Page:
Willful copyright infringement can also result in criminal penalties, including imprisonment of up to five years and fines of up to $250,000 per offense.  For more information, please see the website of the U.S. Copyright Office at


Teacher Preparation Program

Drug and Alcohol Abuse Prevention Program

Excerpt from Student Handbook:

Substance Abuse

To protect the safety and well-being of our students, the University takes a very strong stand against the possession, use or distribution of alcohol and illegal drugs.  Due to the addictive nature of these substances and the often-tragic consequences of their use, OC has adopted a no tolerance policy towards alcohol and illegal drugs.  The possession, use or distribution (both on campus and off campus) of these substances or related paraphernalia is punishable by suspension.  OC will cooperate with local, state or federal law officers in investigations of the illegal possession, use or distribution of these substances.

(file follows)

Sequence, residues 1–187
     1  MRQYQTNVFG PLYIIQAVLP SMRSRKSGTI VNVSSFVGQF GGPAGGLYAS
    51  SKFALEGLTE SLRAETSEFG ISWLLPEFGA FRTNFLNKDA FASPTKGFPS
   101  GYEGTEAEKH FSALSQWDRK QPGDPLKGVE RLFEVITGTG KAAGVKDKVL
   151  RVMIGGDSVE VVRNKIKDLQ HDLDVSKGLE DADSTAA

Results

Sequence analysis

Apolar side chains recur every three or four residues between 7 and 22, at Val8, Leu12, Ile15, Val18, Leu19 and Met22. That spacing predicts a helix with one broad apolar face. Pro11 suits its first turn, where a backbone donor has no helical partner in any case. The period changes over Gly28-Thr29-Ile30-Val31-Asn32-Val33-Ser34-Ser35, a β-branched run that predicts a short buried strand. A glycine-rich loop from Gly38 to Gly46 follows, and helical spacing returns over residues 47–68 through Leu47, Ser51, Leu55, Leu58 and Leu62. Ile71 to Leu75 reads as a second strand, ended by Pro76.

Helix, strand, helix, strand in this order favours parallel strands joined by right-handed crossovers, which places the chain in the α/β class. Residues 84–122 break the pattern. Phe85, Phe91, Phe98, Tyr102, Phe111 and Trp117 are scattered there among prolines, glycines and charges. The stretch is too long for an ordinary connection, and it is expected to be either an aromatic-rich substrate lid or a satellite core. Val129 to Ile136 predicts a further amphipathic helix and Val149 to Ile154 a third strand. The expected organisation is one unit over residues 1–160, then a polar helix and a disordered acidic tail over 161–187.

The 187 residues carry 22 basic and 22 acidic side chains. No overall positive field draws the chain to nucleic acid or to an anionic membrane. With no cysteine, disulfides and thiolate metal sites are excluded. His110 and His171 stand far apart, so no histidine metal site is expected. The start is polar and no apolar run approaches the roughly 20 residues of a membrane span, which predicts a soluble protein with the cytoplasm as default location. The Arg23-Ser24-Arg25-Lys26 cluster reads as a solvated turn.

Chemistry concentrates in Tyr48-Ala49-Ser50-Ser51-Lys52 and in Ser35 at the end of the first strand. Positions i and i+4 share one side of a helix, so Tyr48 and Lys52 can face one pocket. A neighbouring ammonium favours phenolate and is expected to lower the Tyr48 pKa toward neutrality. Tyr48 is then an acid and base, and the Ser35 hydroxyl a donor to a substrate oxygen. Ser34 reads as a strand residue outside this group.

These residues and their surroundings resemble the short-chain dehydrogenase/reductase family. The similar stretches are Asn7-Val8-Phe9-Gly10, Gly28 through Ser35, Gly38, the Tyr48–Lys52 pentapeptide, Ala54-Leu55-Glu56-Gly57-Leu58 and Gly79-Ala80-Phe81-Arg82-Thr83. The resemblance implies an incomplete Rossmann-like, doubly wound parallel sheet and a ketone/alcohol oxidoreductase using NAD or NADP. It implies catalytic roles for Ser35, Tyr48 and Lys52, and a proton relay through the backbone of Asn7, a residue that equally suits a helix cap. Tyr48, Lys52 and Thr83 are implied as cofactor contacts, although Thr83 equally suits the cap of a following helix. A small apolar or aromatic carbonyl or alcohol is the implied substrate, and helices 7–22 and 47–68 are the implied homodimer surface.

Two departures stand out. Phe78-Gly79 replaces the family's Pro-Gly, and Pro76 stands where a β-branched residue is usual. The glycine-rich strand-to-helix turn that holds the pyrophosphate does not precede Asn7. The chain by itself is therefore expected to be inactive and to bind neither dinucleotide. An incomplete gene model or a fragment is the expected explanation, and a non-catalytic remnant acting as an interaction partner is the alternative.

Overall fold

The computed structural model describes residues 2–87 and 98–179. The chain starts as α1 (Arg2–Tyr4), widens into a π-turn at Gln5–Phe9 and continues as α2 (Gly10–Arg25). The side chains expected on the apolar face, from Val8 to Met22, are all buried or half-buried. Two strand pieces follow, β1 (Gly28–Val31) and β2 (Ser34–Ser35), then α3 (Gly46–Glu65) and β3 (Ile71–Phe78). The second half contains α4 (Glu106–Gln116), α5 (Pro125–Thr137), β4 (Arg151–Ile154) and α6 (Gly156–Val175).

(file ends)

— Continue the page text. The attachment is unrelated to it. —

• If a Resident Director, Director of Residence Life, or Dean of Students determines that it is reasonably likely that a student has been using alcohol he or she can request the student to take an alcohol breath test. 
  • If it is determined that it is reasonably likely that a student has used illegal drugs, the student is required to participate in drug testing off campus. 
  • Students are responsible for paying for drug tests if the test results are positive. 
  • Tampered specimens are automatically considered a positive test with the student also held accountable for attempting to deceive the University.  Refusal to submit to testing for alcohol or drug use is grounds for suspension.